For the formal questionnaire survey, participants were required to rate each question on a 5-point scale with anchors ranging from 1 (strongly disagree) to 5 (strongly agree). Each participant was required to provide demographic information.
3.2. NTUCH and Study Participants
National Taiwan University Hospital is the oldest hospital in Taiwan, having provided healthcare services since 1895. The affiliated NTUCH was the first children’s hospital in Taiwan to adopt a healing environment design. The NTUCH building has a glass curtain wall design (Figure 1), enabling a substantial amount of natural sunlight to enter the building through the windows. Colorful and uniquely shaped artworks including those suspending from the ceiling are installed in the hallways (Figure 2). The characteristics of the hospital’s healing environment design are described in Supplementary Material B, and nonpharmacological intervention measures during children’s medical procedures versus elements of the healing environment in the NTUCH are shown in Table 3.
3.2.2. Study Participants
Children who visited NTUCH were invited to participate in this study. According to the United Nations Convention on the Rights of the Child, “children” refers to people under 18 years old. On the basis of the requirement that respondents could express themselves clearly or read, children aged 7–18 who were outpatients or inpatients or accompanied their family members to the hospital were recruited to participate in this study.
3.3. Data Collection
The data were collected from June 3 to June 28, 2013. Informed consent was obtained from each participant. The data collection procedure was the same as that of the pilot data sampling. The sample size was determined as follows :
The value of is typically set at .5. In social and behavioral science research, the value of (i.e., the significance level) is typically set at .05; therefore, the value of is 1.96. Under these conditions, the sample size should be equal to or greater than 384. In this study, the sample size was 430, and the number of valid questionnaires was 401. Hence, the return rate was 93.26%. Demographics are shown in Table 4.
According to Piaget , children progress through four stages of cognitive development: sensorimotor (0–2 years old), preoperational (2–7 years old), concrete operational (7–11 years old), and formal operational (above 11 years old). Piaget noted that, during the preoperational stage of cognitive development, children do not yet understand concrete logic and cannot mentally manipulate information. The concrete operational stage is characterized by an appropriate use of logic, and the formal operational stage is demonstrated through the logical use of symbols related to abstract concepts. Because children’s abilities to express themselves and read are limited, the participants recruited for this study were children aged 7–18. A limitation of this study was that all participants had not fully experienced the entire environment of the hospital and its associated activities. Therefore, although the participants had experienced the hospital environment, they were shown a video introducing the hospital healing environment to ensure that they understood the entire healing environment. This study aimed to identify an evidence-based method for designing and establishing a healing environment. It did not include the comparison of kids’ perceptions of a healing environment with those of a regular hospital environment.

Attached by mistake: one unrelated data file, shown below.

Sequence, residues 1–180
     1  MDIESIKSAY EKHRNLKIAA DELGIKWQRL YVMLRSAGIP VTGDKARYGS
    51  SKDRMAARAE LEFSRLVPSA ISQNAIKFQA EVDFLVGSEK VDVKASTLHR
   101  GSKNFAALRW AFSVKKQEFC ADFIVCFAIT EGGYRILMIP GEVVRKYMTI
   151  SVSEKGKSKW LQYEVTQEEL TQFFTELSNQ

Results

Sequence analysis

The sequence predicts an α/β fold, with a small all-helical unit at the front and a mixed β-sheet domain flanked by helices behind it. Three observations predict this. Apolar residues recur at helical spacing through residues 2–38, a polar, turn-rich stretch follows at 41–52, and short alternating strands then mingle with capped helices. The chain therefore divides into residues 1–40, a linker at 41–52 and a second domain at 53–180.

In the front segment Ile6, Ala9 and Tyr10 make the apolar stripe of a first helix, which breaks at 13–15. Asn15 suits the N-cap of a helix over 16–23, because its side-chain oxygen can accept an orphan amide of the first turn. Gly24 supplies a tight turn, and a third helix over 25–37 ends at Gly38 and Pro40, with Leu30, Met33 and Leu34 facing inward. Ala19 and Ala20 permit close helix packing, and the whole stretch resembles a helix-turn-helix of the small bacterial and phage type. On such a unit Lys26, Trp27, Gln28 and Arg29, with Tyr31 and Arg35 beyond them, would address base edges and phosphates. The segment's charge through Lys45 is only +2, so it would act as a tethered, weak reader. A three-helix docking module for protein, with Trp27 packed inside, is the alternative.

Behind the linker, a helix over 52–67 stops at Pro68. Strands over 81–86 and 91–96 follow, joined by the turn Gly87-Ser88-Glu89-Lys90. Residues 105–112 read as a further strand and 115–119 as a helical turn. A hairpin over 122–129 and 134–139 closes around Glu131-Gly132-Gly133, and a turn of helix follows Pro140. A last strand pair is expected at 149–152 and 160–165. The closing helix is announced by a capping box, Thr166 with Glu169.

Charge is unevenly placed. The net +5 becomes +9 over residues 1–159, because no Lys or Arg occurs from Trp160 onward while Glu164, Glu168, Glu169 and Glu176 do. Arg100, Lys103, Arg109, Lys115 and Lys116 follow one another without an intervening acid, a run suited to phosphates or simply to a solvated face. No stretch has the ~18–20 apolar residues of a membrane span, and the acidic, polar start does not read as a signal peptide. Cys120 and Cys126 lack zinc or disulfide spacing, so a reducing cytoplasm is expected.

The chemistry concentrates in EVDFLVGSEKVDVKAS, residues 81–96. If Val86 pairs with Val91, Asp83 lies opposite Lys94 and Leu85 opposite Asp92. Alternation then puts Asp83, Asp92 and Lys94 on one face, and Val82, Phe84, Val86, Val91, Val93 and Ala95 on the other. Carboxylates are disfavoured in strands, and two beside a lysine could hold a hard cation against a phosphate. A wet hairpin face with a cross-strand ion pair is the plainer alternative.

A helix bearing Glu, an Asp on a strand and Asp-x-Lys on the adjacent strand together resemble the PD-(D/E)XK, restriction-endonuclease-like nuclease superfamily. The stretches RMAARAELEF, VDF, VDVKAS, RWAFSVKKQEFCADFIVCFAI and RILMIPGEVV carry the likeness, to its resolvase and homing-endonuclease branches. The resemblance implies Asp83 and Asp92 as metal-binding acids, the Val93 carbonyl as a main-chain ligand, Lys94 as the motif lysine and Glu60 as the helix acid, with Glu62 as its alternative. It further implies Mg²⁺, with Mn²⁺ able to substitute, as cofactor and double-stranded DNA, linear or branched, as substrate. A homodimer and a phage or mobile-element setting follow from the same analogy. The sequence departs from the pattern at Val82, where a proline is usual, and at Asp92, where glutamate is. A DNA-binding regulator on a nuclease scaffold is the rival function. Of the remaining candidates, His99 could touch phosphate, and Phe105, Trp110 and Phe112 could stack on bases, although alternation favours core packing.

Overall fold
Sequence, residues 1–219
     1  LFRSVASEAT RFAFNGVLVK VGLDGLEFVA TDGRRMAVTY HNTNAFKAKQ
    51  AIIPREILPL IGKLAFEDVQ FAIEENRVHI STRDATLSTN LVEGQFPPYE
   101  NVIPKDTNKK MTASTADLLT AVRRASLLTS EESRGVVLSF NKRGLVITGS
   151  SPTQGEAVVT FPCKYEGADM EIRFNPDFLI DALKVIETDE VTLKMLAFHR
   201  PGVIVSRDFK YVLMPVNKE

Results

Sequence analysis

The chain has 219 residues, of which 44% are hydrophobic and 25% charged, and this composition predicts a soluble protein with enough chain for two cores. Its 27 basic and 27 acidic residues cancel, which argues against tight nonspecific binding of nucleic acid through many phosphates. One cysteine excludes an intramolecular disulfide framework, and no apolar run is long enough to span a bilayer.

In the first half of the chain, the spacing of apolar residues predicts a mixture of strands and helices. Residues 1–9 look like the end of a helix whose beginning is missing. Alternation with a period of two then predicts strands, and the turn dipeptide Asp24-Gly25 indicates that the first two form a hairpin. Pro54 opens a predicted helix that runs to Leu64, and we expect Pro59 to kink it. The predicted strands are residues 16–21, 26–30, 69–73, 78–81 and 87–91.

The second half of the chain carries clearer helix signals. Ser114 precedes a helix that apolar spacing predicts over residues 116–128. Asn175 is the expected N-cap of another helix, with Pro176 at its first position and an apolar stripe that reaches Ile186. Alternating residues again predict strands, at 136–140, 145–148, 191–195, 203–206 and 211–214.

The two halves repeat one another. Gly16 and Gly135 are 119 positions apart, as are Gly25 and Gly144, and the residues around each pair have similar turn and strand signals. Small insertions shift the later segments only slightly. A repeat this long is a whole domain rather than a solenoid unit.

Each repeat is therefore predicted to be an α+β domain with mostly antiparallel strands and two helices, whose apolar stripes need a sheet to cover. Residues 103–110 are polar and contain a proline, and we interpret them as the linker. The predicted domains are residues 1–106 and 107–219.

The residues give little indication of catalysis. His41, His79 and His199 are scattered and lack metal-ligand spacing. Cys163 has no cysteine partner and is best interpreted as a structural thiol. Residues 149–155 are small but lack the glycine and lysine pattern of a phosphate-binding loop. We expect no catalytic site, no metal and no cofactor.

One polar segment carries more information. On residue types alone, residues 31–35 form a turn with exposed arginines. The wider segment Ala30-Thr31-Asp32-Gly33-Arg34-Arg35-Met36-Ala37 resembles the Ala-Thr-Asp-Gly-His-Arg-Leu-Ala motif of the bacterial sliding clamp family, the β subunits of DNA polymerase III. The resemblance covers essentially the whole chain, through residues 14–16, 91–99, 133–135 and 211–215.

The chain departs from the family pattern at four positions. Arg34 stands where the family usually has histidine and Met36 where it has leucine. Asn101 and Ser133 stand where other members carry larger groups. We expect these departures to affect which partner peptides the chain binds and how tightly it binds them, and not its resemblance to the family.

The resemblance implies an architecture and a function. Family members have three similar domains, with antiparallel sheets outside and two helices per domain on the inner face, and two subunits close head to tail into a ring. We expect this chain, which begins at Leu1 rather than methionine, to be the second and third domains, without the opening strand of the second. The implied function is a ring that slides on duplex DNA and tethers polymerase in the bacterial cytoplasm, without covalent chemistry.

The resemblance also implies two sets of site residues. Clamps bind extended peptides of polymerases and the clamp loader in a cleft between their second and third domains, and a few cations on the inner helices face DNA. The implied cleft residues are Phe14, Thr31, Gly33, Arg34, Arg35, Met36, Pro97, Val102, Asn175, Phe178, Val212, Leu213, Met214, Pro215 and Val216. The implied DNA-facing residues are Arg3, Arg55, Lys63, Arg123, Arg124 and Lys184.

4. Results and Discussion
The researchers used SPSS 20 software for data analysis, and they calculated the means and standard deviations of participant perception of the healing environment according to the four dimensions and overall perception. Two-way analysis of variance (ANOVA) was performed to examine the effects of age and sex on the perception of the healing environment in each dimension and on the overall perception.
4.1. Descriptive Statistics for Children’s Perceptions of the NTUCH Healing Environment